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found on St Ninian's Isle, Dunrossness, Shetland

Postcard of Mounts.
© National Museums Scotland


These mounts, one of silver and two of gilt silver were found in a hoard of Pictish metalwork buried on St Ninian's Isle at Dunrossness in Shetland between 750 and 825. They probably belonged to a Pictish chief.

The mounts are completely ornamented in spirals and interlaced animals. All had detachable perforated base plates. They appear designed to slot onto a flexible strap threaded through the base. However, their function remains unclear.

The metalwork found in the St Ninian's Isle treasure shows the skill and accomplishment of Pictish craftsmen. Some of the decorative motifs, such as those on the mounts, can be paralleled on contemporary Pictish stones.

Record details

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Online ID: 000-190-001-162-C
Image Rights Holder: National Museums Scotland
Project: 0098: National Museums Scotland
Project description | View all records in project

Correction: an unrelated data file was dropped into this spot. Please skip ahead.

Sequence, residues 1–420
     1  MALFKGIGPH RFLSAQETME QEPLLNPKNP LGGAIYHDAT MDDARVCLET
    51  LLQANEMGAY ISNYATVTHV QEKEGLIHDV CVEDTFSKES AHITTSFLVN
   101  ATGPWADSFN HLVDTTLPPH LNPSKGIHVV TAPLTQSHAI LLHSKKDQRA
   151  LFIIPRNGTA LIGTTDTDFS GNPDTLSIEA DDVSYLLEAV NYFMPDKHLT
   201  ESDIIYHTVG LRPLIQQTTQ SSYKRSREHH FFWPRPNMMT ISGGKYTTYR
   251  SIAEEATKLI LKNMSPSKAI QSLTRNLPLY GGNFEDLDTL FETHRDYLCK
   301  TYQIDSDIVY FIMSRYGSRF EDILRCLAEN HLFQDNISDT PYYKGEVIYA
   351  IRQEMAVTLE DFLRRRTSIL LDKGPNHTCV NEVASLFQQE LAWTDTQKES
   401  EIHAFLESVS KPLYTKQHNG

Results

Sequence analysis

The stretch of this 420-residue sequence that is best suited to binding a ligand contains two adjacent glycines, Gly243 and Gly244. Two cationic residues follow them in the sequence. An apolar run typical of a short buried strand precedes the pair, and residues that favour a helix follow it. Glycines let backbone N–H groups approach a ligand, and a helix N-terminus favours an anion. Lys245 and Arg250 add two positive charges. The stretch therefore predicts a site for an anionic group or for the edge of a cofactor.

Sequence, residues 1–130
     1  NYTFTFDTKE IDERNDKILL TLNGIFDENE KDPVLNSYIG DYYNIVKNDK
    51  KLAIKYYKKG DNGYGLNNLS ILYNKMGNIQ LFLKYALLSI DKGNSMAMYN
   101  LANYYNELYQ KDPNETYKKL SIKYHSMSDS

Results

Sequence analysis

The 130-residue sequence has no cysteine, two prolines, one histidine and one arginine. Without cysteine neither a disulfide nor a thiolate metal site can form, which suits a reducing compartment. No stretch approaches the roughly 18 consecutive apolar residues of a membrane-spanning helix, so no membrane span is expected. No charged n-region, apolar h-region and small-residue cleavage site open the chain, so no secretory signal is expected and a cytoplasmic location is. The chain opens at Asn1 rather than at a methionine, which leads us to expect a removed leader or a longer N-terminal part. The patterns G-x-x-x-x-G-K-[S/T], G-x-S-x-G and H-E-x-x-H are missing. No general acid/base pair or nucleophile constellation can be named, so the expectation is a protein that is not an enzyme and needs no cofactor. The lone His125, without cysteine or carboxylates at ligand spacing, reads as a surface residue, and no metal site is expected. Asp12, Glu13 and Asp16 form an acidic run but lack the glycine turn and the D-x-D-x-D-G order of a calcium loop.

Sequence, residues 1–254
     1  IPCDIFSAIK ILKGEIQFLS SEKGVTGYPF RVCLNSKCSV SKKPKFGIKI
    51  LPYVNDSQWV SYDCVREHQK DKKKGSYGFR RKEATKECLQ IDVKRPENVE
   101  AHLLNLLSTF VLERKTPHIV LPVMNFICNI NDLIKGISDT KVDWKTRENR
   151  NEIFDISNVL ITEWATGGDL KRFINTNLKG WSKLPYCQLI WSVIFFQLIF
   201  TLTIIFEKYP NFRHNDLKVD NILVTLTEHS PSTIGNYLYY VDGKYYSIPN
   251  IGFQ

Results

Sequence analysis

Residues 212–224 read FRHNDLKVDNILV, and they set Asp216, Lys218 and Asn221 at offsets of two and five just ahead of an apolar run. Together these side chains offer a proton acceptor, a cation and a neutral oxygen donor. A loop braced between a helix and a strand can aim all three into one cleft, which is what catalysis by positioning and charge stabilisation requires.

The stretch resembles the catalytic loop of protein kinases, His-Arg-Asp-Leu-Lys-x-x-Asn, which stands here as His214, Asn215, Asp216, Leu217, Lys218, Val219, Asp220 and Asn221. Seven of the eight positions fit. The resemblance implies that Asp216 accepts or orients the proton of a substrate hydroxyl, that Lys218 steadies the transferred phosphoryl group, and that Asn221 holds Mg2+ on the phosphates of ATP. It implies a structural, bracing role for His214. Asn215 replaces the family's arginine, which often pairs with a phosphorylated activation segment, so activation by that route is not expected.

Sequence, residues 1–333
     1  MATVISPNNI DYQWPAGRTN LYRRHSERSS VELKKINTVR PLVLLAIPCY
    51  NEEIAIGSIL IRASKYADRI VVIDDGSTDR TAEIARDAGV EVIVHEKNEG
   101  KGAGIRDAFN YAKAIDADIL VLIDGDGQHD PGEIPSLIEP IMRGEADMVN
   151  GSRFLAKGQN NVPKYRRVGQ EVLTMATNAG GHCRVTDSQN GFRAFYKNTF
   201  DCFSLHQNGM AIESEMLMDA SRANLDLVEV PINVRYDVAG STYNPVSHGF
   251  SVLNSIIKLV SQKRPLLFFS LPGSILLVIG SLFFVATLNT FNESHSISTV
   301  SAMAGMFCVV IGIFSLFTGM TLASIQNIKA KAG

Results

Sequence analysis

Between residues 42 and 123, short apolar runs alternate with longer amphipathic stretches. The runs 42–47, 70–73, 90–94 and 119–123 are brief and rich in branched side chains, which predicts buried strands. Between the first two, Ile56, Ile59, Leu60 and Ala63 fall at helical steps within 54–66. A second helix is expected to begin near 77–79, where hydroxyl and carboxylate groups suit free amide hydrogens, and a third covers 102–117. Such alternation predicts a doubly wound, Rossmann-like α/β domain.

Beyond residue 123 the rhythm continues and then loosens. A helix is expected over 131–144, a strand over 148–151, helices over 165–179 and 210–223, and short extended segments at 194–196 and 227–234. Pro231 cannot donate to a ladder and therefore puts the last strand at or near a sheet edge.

Ref: National Museums Scotland  X.FC 279
Date: 8th century
Buried between 750 and 825
Material: Silver gilt; conical; with a small tube above the base; covered all over with symmetrically arranged animal interlace in chip carving; base filled with a thin damaged disc with two small parallel rectangular slots
Dimensions: 1.75" H x 1.45" D; tube 0.40" above base
What: Mount
Where: Scotland, Shetland, St Ninian's Isle
Description: Conical silver-gilt mount decorated with symmetrically arranged animal interlace, from St Ninian's Isle, Pictish, 8th century
  • Small, A., Thomas, C., and Wilson, D.M. St. Ninian's Isle and its treasure. Oxford: Oxford University Press, 1973, vol. 1, pp 60-4 . 
  • Youngs, Susan (ed). 'The Work of Angels'. Masterpieces of Celtic metalwork, 6th-9th centuries AD. London: British Museums Publications Ltd, 1989, pp. 109-10. 
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